Karen Weaver: 

Hmm.

Rayna Neises: 

And I had never really thought of it in that way, because I might not be the right person to pull the plug

Karen Weaver: 

Right.

Rayna Neises: 

Just because I live right next door, just because I’m really close by. It doesn’t mean I might have the courage, to go ahead and follow through, even if I know that’s your wishes. So it is so important to have those conversations and really know that the people understand what you want and what’s important to you and you can truly trust them to follow through with your wishes.

Karen Weaver: 

Yeah. Yeah, no, I can so relate I wasn’t fortunate enough to have parents that were willing to have those conversations. So I was kind of walking blindly most of the time. But I can certainly say that being on this journey with my dad, it has prompted me to be very proactive about getting my paperwork in order. I have regular conversations with my oldest son. And he has all the documents and we have a set here and he has said that his house, and we’re constantly in conversation as things change, because like you said, nothing stays the same. You have to keep revisiting documents to make sure that they are as up-to-date as possible.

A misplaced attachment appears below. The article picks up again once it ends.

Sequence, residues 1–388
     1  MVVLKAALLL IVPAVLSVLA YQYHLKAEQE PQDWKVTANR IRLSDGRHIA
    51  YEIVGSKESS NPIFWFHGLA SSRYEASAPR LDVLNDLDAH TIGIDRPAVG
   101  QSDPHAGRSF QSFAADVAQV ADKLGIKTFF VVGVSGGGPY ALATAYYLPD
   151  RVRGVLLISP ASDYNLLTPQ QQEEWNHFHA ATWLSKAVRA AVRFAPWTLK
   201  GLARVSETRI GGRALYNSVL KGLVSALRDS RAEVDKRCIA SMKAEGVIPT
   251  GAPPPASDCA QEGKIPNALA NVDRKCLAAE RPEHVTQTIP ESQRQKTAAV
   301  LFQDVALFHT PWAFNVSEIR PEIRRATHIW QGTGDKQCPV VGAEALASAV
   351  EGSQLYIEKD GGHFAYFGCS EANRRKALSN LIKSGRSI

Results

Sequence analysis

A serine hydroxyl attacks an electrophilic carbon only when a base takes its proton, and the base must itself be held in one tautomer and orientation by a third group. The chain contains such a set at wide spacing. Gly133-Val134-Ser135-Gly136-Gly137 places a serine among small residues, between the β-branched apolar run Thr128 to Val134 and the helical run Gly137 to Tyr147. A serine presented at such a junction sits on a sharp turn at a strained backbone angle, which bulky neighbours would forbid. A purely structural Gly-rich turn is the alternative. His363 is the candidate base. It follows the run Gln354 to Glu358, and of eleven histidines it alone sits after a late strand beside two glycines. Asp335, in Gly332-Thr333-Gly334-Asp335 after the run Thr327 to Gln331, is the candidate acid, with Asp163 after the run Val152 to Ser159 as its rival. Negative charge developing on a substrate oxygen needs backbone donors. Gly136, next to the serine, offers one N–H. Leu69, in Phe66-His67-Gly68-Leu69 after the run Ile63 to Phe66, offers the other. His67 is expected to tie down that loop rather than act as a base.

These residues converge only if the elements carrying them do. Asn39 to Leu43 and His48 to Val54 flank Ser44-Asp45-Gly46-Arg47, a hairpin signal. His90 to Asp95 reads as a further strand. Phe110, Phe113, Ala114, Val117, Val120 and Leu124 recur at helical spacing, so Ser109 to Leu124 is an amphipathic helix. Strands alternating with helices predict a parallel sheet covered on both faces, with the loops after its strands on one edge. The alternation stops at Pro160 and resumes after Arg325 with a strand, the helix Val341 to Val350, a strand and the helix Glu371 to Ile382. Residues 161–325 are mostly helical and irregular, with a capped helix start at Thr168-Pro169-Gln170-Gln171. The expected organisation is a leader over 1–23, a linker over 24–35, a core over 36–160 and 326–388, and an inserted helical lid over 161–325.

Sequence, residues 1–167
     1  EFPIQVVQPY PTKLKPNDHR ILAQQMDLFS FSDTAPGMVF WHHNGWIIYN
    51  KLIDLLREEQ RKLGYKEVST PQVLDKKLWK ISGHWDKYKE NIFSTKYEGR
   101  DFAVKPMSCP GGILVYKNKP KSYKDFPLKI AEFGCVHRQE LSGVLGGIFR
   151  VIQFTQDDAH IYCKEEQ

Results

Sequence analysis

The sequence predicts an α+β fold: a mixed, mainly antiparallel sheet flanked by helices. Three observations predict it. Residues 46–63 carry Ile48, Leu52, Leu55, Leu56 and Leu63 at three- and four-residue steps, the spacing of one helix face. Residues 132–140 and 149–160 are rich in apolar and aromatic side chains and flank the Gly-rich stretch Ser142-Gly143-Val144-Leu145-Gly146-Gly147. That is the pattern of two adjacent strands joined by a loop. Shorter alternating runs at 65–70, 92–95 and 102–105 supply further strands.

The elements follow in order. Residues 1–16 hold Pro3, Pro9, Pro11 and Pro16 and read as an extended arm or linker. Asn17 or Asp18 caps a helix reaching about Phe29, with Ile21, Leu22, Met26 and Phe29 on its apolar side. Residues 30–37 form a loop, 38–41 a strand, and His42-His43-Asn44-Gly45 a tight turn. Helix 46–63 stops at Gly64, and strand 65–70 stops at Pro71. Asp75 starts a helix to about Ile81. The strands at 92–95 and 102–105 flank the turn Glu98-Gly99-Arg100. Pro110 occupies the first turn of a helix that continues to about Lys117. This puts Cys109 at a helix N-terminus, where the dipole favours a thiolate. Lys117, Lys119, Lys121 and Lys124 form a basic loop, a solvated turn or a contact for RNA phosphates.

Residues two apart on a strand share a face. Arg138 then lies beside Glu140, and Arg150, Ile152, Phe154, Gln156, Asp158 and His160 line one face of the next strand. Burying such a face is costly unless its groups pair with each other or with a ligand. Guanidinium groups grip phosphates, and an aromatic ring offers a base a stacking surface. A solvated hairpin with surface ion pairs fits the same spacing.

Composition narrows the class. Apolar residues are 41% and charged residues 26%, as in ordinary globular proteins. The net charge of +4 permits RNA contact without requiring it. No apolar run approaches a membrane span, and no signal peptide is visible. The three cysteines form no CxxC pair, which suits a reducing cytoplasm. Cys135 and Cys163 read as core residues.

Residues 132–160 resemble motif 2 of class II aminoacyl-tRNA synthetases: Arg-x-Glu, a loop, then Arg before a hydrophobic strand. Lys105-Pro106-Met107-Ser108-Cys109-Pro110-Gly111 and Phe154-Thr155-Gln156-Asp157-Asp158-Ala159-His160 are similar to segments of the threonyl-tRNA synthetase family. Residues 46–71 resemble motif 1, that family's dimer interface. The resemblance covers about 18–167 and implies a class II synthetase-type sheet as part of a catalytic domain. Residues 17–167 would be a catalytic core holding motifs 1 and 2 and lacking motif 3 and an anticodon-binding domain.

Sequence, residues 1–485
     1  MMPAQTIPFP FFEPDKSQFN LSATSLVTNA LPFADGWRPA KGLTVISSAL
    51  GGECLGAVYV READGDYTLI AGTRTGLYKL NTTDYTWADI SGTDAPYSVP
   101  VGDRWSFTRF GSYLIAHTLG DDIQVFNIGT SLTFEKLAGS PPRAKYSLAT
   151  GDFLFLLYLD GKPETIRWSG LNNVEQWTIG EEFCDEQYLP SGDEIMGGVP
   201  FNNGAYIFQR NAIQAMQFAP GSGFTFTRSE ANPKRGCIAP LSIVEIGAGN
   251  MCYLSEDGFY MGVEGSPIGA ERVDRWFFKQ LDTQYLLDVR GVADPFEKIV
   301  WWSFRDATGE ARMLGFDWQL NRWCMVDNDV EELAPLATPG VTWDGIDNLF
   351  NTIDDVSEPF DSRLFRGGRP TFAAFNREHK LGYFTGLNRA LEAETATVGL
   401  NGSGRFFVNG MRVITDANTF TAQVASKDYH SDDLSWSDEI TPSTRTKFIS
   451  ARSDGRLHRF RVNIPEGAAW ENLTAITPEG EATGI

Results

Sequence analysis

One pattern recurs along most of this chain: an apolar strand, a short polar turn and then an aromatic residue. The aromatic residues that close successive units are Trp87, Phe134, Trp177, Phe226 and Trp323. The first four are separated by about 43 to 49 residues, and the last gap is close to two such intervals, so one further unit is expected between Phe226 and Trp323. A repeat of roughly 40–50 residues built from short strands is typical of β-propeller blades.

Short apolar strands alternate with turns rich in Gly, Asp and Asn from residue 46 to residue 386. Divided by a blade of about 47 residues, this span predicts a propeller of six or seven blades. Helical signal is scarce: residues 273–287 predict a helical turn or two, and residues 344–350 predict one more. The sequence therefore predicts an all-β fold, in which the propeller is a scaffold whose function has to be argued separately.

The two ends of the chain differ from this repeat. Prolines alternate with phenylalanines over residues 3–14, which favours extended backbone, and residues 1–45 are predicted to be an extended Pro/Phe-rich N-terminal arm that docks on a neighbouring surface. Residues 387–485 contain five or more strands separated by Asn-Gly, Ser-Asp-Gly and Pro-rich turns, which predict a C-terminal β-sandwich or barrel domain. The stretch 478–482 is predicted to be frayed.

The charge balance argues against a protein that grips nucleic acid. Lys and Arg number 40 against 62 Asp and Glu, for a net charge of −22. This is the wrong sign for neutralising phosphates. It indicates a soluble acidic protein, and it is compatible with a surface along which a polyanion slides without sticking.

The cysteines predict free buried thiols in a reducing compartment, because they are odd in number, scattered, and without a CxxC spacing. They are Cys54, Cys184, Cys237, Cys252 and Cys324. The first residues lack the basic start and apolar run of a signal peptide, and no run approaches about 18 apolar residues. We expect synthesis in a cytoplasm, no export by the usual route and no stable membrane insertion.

Rayna Neises: 

And I shared with Catherine, I went through a life-threatening situation and as a single person, I wasn’t thinking it was that important. I was in my early thirties and had a basic reconstruction on my knee and nothing went wrong until it did. And that was definitely a wake-up call that no matter your age, it really is something you need to have in line. And I really liked that she also brought up the fact that with HIPAA laws, 18 year olds, you have to have that paperwork in order for you to be able to talk to the doctors and talk to anybody in their life that you need to get information from. So I thought that was such a great point as well.

Karen Weaver: